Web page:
double *t, double *u, double *v)
{
double edge1[3], edge2[3], tvec[3], pvec[3], qvec[3];
double det,inv_det;

/* find vectors for two edges sharing vert0 */
SUB(edge1, vert1, vert0);
SUB(edge2, vert2, vert0);

/* begin calculating determinant - also used to calculate U parameter */
CROSS(pvec, dir, edge2);

/* if determinant is near zero, ray lies in plane of triangle */
det = DOT(edge1, pvec);

#ifdef TEST_CULL /* define TEST_CULL if culling is desired */
if (det < EPSILON)
return 0;

/* calculate distance from vert0 to ray origin */
SUB(tvec, orig, vert0);

/* calculate U parameter and test bounds */
*u = DOT(tvec, pvec);
if (*u < 0.0 || *u > det)
return 0;

/* prepare to test V parameter */
CROSS(qvec, tvec, edge1);

/* calculate V parameter and test bounds */
*v = DOT(dir, qvec);
if (*v < 0.0 || *u + *v > det)
return 0;

/* calculate t, scale parameters, ray intersects triangle */
*t = DOT(edge2, qvec);
inv_det = 1.0 / det;
*t *= inv_det;
*u *= inv_det;
*v *= inv_det;
#else /* the non-culling branch */
if (det > -EPSILON && det < EPSILON)
return 0;
inv_det = 1.0 / det;

/* calculate distance from vert0 to ray origin */
SUB(tvec, orig, vert0);

/* calculate U parameter and test bounds */
*u = DOT(tvec, pvec) * inv_det;
if (*u < 0.0 || *u > 1.0)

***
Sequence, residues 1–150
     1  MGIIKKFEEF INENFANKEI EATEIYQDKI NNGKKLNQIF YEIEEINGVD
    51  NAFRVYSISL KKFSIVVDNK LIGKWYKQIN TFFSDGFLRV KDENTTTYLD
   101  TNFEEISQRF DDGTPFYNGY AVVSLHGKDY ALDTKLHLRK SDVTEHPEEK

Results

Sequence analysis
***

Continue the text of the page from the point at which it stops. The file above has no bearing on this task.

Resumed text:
return 0;

/* prepare to test V parameter */
CROSS(qvec, tvec, edge1);

/* calculate V parameter and test bounds */
*v = DOT(dir, qvec) * inv_det;
if (*v < 0.0 || *u + *v > 1.0)
return 0;

/* calculate t, ray intersects triangle */
*t = DOT(edge2, qvec) * inv_det;
#endif
return 1;
}











Check out http://www.acm.org/pubs/tog/Software.html for more algos.

-cb

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I''ve seen this algorithm too, but I probably am going to be storing the triangle plane normals, and I was wondering if there was something faster that used this.

I really only need something that will determine if the intersection exists, as finding where the intersection is will be very easy.

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quote:
Original post by NickW
I''ve seen this algorithm too, but I probably am going to be storing the triangle plane normals, and I was wondering if there was something faster that used this.

The first version in the listing is from Badouel and the second part is from Thomas Moller. One of the benchmark algo, which can be made to use precomputed information, is from Snyder & Barr:
Snyder, M., Barr, A.H.: "Raytracing complex models containing surface tesselations", Proceedings of the 14th annual conference on Computer Graphics, 1987, Vol.21, No.4, pp.119-128, 1987.

Hope this helps.

-cb

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when fully optimized for prestoring in funky spaces, you can go for plueckercoordinates. there you get it in very short code, quite fun. but its not useful if the triangle needs to store the standard 3d space vertices, too (using 3*3 + 3*6 floats then, + normal etc..)



"take a look around" - limp bizkit